Catastrophe: Season Four Review

Catastrophe is a show unlike any other. So much was accomplished in only 24 episodes – real proof of what a fantastic writing team can do in such little time (take notes American TV). In the first episode, the two leads haven’t yet met one another, by the third episode they are having a child together and by the beginning of season two, they’ve a second on the way. From the day to day nightmare of raising children to marital issues, from dealing with dementia to managing addiction, Catastrophe had its fingers in many pies throughout its four season arc, dealing with emotionally testing situations but somehow always managing to have the last laugh at the same time.

Knowing that season four would be its last, there felt like some kind of pressure for Rob (Rob Delaney) and Sharon (Sharon Hogan) to finally get their act together and become ‘real’ adults but fortunately, Delaney and Hogan had no intention of serving up any kind of feel-good tacked-on ending.  One of Catastrophe’s greatest selling points is that neither Rob nor Sharon are capable of handling themselves, or each other, most of the time and are just trying to get through everything as best they can.

Season three’s ending was somewhat of a cliff-hanger – Rob’s car-crash would inevitably lead to the discovery that he had indeed been under the influence whilst driving. This is not news to the audience, but was news to Sharon and the series ended before we found out how she would react. Luckily, Rob is let off with only community service and an order to attend AA sessions, and Sharon’s biggest grievance turns out to be the fact that he isn’t around to go to lunch with anymore.

The first episode of season four deals mostly with the fall-out of Rob’s recently reignited alcoholism. Sharon isn’t forgotten though – she goes through a klepto phase resulting in the two of them having a much needed talk about the issues in their marriage and what the future is going to look like for them. All the regulars show their faces – from Fergal’s 40th birthday to Fran and Chris’ reconciliation, every-one we’ve grown to love (and pity in the case of Dave) provides an opportunity for us to imagine what their lives will go on to entail. The ensemble cast have always been excellent and season four is no exception especially when it adds Julie Hesmondhalgh (Coronation Street, Broadchurch) to its roster as alcoholic-cum-scam-artist within the first episode.

Much of season four trundles along in a similar fashion to previous seasons– painfully funny story-lines are offset with far more serious underlying issues. A particular highlight is episode three – Rob and Sharon decide to get into fitness but end up having a run in with the youths down at their local park. Naturally, Sharon is horrified to discover she isn’t the picture of health and is even more annoyed to find out that Rob actually is. The boot-camp sequence (with Ashley Jensen doing stellar work in the role of Fran, as always) is wholly relatable and effortlessly funny in a way that Catastrophe just knows how to be.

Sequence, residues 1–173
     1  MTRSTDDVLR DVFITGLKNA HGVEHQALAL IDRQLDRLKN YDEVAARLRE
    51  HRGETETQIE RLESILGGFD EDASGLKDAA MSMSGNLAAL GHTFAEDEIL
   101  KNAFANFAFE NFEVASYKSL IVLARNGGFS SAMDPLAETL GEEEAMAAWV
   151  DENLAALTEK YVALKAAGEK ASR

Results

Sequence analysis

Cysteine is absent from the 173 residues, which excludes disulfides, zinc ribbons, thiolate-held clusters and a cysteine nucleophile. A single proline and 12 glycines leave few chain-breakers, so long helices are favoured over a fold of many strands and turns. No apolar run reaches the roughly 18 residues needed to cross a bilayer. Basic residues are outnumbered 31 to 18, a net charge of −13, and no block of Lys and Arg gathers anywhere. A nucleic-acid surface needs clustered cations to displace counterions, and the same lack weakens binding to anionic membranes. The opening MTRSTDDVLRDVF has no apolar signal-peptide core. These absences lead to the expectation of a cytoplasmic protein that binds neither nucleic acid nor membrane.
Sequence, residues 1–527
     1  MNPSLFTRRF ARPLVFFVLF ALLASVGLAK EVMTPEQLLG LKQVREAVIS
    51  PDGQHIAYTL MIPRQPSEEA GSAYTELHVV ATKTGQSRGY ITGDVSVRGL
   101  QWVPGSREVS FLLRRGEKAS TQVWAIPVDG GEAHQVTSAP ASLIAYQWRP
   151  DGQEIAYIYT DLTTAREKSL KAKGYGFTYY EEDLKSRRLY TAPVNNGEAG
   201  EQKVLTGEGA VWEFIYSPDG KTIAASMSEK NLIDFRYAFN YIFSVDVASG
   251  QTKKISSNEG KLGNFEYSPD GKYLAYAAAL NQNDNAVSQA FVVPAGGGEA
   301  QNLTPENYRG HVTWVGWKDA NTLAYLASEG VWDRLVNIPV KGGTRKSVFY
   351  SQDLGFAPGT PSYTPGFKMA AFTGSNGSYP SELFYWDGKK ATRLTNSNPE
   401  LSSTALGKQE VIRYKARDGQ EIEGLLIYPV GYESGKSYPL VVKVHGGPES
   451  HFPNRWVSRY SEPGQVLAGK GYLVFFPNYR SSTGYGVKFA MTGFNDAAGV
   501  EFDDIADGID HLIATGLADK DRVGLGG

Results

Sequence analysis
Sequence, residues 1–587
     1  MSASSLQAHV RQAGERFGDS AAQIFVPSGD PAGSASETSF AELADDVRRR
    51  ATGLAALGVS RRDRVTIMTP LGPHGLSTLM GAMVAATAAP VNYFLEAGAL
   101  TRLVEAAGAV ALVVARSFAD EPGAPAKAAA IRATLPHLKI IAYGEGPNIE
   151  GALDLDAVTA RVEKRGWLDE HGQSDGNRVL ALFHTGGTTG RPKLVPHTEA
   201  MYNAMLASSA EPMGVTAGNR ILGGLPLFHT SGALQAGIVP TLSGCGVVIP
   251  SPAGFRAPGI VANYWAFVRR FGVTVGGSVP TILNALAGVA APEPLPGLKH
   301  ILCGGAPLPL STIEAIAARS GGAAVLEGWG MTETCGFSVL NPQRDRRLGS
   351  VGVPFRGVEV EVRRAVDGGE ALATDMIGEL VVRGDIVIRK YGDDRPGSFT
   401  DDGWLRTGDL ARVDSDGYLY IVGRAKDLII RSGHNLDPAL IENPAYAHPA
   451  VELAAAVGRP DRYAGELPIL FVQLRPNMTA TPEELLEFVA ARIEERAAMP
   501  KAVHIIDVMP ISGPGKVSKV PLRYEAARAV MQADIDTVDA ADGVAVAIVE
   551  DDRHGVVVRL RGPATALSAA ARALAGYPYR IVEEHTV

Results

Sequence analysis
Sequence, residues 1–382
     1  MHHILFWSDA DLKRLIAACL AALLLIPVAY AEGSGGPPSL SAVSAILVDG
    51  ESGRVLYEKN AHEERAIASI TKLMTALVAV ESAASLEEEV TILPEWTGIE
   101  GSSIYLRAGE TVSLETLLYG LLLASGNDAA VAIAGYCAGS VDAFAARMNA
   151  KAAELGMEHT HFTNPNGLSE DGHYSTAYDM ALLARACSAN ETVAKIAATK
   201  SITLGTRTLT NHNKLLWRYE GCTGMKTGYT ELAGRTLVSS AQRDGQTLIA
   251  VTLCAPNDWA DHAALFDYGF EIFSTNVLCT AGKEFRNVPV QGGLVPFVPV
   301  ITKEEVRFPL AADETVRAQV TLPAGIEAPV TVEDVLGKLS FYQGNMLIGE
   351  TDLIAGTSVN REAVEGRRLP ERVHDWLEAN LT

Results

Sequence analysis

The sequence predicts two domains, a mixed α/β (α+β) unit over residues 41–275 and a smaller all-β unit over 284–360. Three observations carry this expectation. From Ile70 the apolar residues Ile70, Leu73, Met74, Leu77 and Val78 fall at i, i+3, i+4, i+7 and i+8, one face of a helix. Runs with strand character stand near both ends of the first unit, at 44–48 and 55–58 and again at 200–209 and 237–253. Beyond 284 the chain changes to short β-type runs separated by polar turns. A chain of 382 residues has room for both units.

From the beginning, the elephant in the room was Rob’s mother, Mia. Tackling the death of Carrie Fisher was always going to be a difficult issue – despite only appearing in a handful of episodes, Fisher was an integral part of the cast and cut a formidable figure as Rob’s overbearing, EBay-loving mother.  Her send off, which felt as if it was as much for Carrie as it was for Mia, felt perfect. Rob’s grief at finding out his mother had died mere hours before they arrived was, of course, linked with the prior knowledge that Carrie Fisher would not be in the series, but that scene felt perfectly pitched.

How to end a show like Catastrophe? Delaney and Hogan were always able to strike the perfect balance between side-splitting humour and emotional devastation, and the final scene is no different. A dip in the ocean, followed by a close up on an ominous sign leaves a slightly bitter taste as we watch Sharon and Rob drift in the beautiful blue waters of the Boston coastline. The symbolism is not lost on anyone – Rob and Sharon took a hell of a plunge in the first episode, throwing themselves head first into waters of which the depth was in comprehensible. Perhaps more than this, the final sequence alludes to the idea that Sharon has (historically) always been the leader, and Rob will follow her – even if both of them don’t know where they are going.

Either way, Catastrophe will leave on as one of the greatest TV shows to ever exist, and one that never jumped the shark. They aren’t any sharks in Boston right?

Review Summary

Packed with witty one liners and emotionally devastating blows, Catastrophe will be fondly remembered as one of TV's greats

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